Granting the plaintiff the advantage of every legitimate inference, we think the evidence such that no reasonable juryman could fail to conclude that the plaintiff was negligent at the time of the second fall. The evidence is overwhelming to the effect that: The fracture of the plaintiff's hip had not healed. She knew it had not healed. She was unable to walk without assistance. When she tried to walk at the time of the second fall, she was consciously taking a chance. The plaintiff's own physician admitted that after the first fall "She never acquired that sense of equilibrium which was required for freedom of movement. Some motion could be attained, but it was always with the feeling that comes from an insecure foundation." The plaintiff's own daughter frankly stated that about two days before the second fall her mother was "extremely weak and could get around just by the help of someone at home." The evidence urged as supporting an inference that the plaintiff was not imprudent is so insubstantial that it cannot be said to satisfy the rule in the Federal courts that there must be more than a scintilla to take a case to the jury: The fact that the plaintiff was able to work on patients proves nothing as to her ability to walk because, as above appears, she sat on a cushion on a stool with a special support when so working. That she was permitted to attempt a little active motion on her own accord and advised to make every effort to move about that her strength permitted in order that nature would restore the functioning of her glands, is inconclusive as to the extent of motion which she actually was able to accomplish, and inconclusive as to whether at such times as she attempted motion, if there were such times, she had assistance immediately available. The physician's affirmative answer to the question "Do you know whether there was at any time during the period from March to October when she could have gotten around without assistance at all?" was frankly qualified by the physician himself that is to say he admitted that his information came only from the plaintiff. On the subject of her ability to walk alone she testified to nothing directly, and on that subject the testimony of her family was, as above set forth, compellingly to the effect that she could not walk unassisted. If the physician's expression of opinion that "the original injury was responsible for the subsequent fall . . . by its productive instability" meant more than that the plaintiff's instability, caused by the first injury, contributed to the second fall, that is to say if it meant that nothing else contributed, i. e., the plaintiff's attempting, though afflicted with instability, to walk alone, then it was a conclusion not for him to make, because it was upon the ultimate question in the case.

We have considered the numerous authorities cited by counsel in the briefs, but we think it not useful to discuss them in detail. No cases are cited from this jurisdiction. The question whether on any particular issue there is evidence for a jury is a question which must be decided according to the best judgment of the reviewing tribunal on the particular record involved, that is to say, each case must rest largely on its own facts since there are usually such variations in the facts of others as to make them not persuasive. This is true of the cases especially urged by the plaintiff: In Hartnett v. Tripp, 231 Mass. 382, 121 N.E. 17, the plaintiff's second fall took place when he was getting *656 out of a wheel chair and one of his crutches slipped. It is an ordinary part of recovery from a fractured leg for a patient to use crutches. There was no showing that the plaintiff was negligent in the manner of use of the crutches; and the very fact of the use of crutches differentiates that case because crutches are a form of assistance, and in the instant case the plaintiff had no assistance. Smith v. Northern Pac. R. Co., 79 Wash. 448, 140 P. 685; Hoseth v. Preston Mill Co., 49 Wash. 682, 96 P. 423; Papic v. Freund (Mo.App.) 181 S.W. 1161; Wagner v. Mittendorf, 232 N.Y. 481, 134 N.E. 539, 20 A.L.R. 520, and Brown v. Beck, 63 Cal. App. 686, 220 P. 14, are also crutch cases. In Stahl v. Southern Michigan Ry. Co., 211 Mich. 350, 178 N.W. 710, the plaintiff's original injury was to the sciatic nerve. There were no fractures. Her second injury occurred while packing her suit case, which fell against her so that she lost balance and fell to the floor fracturing her hip. It could hardly be called negligent for such a person, without a fracture, to pack a suit case. Wieting v. The Town of Millston, 77 Wis. 523, 46 N.W. 879, and Conner v. Nevada, 188 Mo. 148, 86 S.W. 256, 107 Am.St.Rep. 314, were cases where the plaintiff after substantial recovery from a fracture, but with the injured limb still weakened by the original injury, received the second injury in an accident while riding in a buggy. It could not be held to be negligence, especially when horses and buggies were in common use, for a person convalescing from a fracture to ride in a buggy; and there was no showing that the buggies were negligently driven.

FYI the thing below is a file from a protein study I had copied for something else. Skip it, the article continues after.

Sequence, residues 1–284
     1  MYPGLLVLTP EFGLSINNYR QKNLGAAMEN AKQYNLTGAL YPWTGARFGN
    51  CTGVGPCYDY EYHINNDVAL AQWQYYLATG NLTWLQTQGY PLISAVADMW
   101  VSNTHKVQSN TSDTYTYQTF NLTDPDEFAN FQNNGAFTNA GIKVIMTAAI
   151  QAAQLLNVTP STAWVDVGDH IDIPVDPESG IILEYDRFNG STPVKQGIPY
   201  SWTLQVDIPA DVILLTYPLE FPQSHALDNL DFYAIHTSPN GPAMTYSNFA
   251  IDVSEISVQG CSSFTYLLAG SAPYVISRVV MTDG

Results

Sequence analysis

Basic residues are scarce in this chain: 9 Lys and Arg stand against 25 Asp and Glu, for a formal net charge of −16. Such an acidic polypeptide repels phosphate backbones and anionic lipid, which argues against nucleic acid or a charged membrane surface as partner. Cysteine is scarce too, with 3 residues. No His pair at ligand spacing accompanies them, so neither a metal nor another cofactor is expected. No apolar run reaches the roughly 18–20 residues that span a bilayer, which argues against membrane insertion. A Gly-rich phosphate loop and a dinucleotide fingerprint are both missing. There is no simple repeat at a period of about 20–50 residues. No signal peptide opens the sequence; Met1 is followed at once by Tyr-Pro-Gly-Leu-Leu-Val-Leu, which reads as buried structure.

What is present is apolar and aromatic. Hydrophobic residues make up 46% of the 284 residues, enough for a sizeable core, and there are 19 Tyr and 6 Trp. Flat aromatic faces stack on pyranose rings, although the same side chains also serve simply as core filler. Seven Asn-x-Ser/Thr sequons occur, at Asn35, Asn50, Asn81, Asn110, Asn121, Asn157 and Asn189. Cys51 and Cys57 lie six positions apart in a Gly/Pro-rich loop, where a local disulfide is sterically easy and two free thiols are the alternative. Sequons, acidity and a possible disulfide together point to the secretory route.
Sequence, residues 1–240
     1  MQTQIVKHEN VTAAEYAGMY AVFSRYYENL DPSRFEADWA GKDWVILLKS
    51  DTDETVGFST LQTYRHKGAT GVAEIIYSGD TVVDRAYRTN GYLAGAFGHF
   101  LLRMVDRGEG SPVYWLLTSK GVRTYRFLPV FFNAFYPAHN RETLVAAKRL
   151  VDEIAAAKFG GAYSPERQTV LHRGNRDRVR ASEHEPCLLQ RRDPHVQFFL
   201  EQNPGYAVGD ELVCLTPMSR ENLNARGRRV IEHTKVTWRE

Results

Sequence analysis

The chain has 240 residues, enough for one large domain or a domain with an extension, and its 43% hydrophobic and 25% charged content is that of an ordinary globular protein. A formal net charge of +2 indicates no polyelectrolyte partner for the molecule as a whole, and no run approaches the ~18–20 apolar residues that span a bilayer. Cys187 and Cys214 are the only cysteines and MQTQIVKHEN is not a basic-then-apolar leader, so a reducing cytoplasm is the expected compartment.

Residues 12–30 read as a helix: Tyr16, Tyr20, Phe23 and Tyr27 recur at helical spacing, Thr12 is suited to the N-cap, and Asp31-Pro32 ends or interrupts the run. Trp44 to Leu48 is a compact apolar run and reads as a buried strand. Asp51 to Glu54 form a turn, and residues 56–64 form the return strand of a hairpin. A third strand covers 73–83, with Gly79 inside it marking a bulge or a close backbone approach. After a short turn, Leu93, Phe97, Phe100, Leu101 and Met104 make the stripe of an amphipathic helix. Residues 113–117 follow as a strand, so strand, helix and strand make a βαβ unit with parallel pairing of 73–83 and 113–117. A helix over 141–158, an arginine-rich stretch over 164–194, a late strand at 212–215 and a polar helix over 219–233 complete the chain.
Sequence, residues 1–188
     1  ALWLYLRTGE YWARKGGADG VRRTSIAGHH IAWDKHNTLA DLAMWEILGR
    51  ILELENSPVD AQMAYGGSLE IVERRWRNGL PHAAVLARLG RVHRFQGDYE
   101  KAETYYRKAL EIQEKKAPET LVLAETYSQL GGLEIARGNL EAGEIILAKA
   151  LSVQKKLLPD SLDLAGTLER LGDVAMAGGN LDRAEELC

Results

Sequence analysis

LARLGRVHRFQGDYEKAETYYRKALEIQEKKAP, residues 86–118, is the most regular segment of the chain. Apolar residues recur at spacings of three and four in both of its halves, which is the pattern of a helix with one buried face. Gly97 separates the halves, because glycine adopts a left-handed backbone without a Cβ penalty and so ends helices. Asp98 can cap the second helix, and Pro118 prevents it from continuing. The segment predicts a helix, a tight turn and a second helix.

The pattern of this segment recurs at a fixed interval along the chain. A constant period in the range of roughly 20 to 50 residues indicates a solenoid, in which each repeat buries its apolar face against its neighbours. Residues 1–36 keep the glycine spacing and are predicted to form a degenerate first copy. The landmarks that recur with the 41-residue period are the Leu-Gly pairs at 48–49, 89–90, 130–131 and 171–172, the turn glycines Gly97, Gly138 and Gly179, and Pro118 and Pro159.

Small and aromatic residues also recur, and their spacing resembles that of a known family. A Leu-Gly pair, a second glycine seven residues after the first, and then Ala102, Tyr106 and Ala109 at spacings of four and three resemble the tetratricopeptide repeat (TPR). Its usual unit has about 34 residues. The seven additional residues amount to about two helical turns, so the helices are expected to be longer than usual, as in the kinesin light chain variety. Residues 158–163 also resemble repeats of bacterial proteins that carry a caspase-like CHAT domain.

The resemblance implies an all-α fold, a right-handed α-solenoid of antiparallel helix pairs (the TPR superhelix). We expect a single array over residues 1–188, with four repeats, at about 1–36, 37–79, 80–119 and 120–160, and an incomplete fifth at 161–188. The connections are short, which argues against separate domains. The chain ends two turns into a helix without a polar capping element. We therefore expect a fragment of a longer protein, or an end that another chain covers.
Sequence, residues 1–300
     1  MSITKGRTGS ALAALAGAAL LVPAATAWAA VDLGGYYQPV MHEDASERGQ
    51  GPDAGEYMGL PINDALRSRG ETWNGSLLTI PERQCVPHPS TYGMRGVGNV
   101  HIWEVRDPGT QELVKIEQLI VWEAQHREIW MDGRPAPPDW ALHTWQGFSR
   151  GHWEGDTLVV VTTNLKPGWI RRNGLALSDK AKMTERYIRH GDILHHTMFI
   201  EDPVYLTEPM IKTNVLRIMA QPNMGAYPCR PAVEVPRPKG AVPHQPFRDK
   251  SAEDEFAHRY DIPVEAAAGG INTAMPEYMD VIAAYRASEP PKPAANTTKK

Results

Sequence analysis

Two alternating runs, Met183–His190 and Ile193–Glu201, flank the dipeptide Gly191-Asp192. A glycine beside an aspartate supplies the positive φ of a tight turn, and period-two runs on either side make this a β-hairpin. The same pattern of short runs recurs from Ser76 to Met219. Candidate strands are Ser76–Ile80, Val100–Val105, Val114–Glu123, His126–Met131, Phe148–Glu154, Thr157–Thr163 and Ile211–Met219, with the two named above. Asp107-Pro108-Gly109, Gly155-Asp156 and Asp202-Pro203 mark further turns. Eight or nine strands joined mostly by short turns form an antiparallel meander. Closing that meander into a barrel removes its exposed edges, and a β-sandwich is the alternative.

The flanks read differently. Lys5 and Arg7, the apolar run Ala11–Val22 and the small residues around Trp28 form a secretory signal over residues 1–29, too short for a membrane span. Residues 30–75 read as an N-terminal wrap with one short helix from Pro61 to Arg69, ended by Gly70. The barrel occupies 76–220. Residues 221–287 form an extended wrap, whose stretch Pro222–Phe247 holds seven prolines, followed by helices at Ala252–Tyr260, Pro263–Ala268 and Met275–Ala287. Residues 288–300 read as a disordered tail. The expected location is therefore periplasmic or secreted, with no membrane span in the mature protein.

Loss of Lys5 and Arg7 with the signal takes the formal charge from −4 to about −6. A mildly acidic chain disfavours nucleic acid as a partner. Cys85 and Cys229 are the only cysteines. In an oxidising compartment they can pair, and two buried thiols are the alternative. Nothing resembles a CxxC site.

In accordance with the foregoing, the judgment of the trial court is

Reversed and the case remanded for a new trial.

Mr. Justice GRONER dissents.


[1] At the opening of the trial, the plaintiff, over objection by the defendant, with exception noted, was permitted to amend her declaration so as to include a claim for damages for injury resulting from the second fall. This action of the court was assigned as error, but appellant did not argue the assignment in the brief and we therefore treat it as abandoned.